No Flip-Flop Here – The Man’s Just Not That Into LGBT Folks

{Editor’s note:  This is the 100th post on the gar spot.}

On April 29, the Los Angeles Times published an article which chronicles then-Governor Mitt Romney’s history with Massachusetts’ gay marriage law.  It makes for very interesting reading.

While campaigning for the governorship in 2002, he proclaimed he supported the rights of gay and lesbian citizens in Massachusetts, while at the same time stating that he was not in favor of gay marriage.  When the Massachusetts Supreme Judicial Court ruled in favor of same-sex marriage in November 2003, Governor Romney began a two-tiered campaign.  On the one hand, he vowed to fulfill the court’s mandate.  Other the other, he worked hard to undermine it.  First he sought same-sex civil unions as a compromise, even though the SCJ said specifically that civil unions were not good enough.  Then he tried to get the gay marriage issue on the ballot to be overturned by a constitutional amendment.  Fortunately for Massachusetts, unlike California, it takes more than just a bunch of signed petitions to get something on the ballot.  Constitutional amendments have to first be approved by two sessions of the legislature over a two year period before they can go on the ballot.  With such a high bar, the Governor capitulated, allowing the marriages to go forward starting in May 2004.  Then he continued to work for the constitutional amendment.

Not willing to leave well enough alone, Governor Romney invoked a hitherto ignored law from 1913 which declared that non-residents cannot come to Massachusetts to get married if the marriage is not recognized in the couple’s home state.  The 1913 law was a throwback to the days of miscegenation.  Massachusetts allowed the matrimonial mingling of the races in 1843, but with the 1913 law it confined its liberal ways within its own borders.  So Governor Romney used a law meant to enable racism in other states to help contain gay marriage as much as possible.  What a guy.

Ultimately, his maneuvers and machinations failed.  In January 2007, when the gay marriage out/civil unions in amendment came up for a vote in the state legislature, it failed to garner the necessary 50 votes needed to put the matter on the ballot.  And in 2008, the legislature passed a bill striking down the 1913 law, a bill which the new governor, Duval Patrick, signed into law.  Still, Mitt Romney has used his anti-gay marriage creds to good purpose on the campaign trail.  From the Times article:

“Massachusetts should not become the Las Vegas of same-sex marriage,” he told the New York Times, a line he has repeated frequently on the campaign trail this year as he touts his efforts to stop gay marriage. “We do not intend to export our marriage confusion to the entire nation.”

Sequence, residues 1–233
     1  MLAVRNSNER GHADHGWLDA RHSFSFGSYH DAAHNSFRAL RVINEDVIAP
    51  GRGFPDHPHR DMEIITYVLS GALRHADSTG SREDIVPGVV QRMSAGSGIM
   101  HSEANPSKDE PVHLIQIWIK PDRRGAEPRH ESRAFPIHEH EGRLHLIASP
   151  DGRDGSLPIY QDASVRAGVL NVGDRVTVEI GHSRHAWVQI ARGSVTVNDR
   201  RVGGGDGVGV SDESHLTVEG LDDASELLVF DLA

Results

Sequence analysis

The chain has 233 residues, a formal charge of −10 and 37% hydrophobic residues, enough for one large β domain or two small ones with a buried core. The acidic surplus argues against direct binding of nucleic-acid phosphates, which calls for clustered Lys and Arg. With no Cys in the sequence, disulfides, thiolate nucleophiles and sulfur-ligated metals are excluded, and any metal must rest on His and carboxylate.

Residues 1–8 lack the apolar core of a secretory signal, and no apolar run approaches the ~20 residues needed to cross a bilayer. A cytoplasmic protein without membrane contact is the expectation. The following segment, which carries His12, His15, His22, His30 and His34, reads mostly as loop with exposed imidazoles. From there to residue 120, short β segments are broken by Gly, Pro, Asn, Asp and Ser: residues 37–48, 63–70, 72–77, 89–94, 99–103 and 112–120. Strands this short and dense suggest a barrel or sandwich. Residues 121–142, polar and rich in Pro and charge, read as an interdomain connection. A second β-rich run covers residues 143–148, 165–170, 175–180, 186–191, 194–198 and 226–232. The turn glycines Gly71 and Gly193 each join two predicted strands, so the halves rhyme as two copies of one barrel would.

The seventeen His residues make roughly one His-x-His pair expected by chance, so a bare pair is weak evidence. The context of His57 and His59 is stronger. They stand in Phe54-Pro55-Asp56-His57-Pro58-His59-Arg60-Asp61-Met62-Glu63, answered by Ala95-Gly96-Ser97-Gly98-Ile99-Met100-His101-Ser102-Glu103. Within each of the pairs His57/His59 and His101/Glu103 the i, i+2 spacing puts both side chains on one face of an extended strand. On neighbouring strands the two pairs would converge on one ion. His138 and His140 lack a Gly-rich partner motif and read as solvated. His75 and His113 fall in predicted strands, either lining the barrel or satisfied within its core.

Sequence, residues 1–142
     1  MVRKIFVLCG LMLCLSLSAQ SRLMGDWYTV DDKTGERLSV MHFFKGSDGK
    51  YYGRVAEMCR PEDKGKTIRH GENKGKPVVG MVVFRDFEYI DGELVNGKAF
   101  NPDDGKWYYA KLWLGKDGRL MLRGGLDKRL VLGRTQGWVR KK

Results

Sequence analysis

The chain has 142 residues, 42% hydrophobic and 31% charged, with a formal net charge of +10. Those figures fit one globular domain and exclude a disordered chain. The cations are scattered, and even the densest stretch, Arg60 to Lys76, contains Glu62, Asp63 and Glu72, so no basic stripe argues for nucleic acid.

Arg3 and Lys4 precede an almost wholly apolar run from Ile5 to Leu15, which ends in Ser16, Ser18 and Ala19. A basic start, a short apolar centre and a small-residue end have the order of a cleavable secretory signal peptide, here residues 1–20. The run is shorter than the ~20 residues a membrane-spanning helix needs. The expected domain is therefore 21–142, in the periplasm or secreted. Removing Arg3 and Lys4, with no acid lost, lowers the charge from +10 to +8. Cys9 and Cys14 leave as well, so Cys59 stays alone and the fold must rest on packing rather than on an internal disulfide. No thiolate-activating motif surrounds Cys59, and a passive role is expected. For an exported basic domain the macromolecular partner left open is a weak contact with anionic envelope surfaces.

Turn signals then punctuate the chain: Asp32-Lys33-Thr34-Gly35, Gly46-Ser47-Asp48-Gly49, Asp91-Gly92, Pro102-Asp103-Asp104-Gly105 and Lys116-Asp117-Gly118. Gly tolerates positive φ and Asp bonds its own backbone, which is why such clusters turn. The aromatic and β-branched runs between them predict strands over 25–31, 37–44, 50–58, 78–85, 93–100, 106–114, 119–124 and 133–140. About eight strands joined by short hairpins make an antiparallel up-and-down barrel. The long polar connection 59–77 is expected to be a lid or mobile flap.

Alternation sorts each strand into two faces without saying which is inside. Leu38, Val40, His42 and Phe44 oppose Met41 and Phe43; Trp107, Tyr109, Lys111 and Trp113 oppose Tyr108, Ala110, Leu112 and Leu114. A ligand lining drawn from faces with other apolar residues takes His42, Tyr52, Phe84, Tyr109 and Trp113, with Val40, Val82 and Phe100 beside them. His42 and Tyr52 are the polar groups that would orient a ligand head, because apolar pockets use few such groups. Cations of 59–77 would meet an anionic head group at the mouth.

Yep.  That’s right, Mr. Romney.  You prevented queer folks from all over the country from flocking, say, to Provincetown — where my partner and I have vacationed for years — to have wonderful marriage ceremonies at the quaint Town Hall or on Race Point Beach or at any of the other picturesque locations P-town has to offer.  By doing so, you also prevented businesses in P-town and all over Massachusetts, from florists to clothiers to chapels to restaurants and hotels, from potentially reaping millions of dollars of revenue.  How pro-business is that?

Well, not very.  But never mind that.  Mr. Romney’s need to maintain his anti-gay creds with the far right clearly trumps his desire to help businesses gain more revenue.

Which is why the whole debacle surrounding Richard Grenell really is not that surprising at all.  Mr. Grenell was appointed as a spokesman on national security issues for the Romney campaign on April 19.  Headlines quickly appeared declaring that the appointment showed a change for the Romney campaign.  Since the protracted nomination campaign was all but over — the Gingrich campaign had yet to suspend, but its doom was nigh — Mr. Romney could safely shake his Etch-a-Sketch and began redrawing himself more in the center, or so folks thought.

But the new attitude did not last long.  On May 2, three days after the LA Times’ chronicle and 13 days after his appointment, Mr. Grenell resigned amid what he called a “hyper-partisan discussion of personal issues.”  Mr. Romney accepted Mr. Grenell’s resignation, apparently without trying to talk him out of it personally or trying to calm the waters that caused it in the first place.  In other words, he allowed Mr. Grenell to throw himself under the bus to appease the far right partisans that disapproved of his appointment in the first place.  These are, of course, the same far right partisans Mr. Romney had been courting with his “look at me, I kept the gays from coming to Massachusetts to marry” shtick many years earlier.

There was no flip-flopping in this case.  He didn’t need to shake his Etch-a-Sketch.  Mr. Romney behaved as Mr. Romney has always behaved, with hostility towards LGBT folks.  Same as he ever was.

© 2012, gar. All rights reserved.


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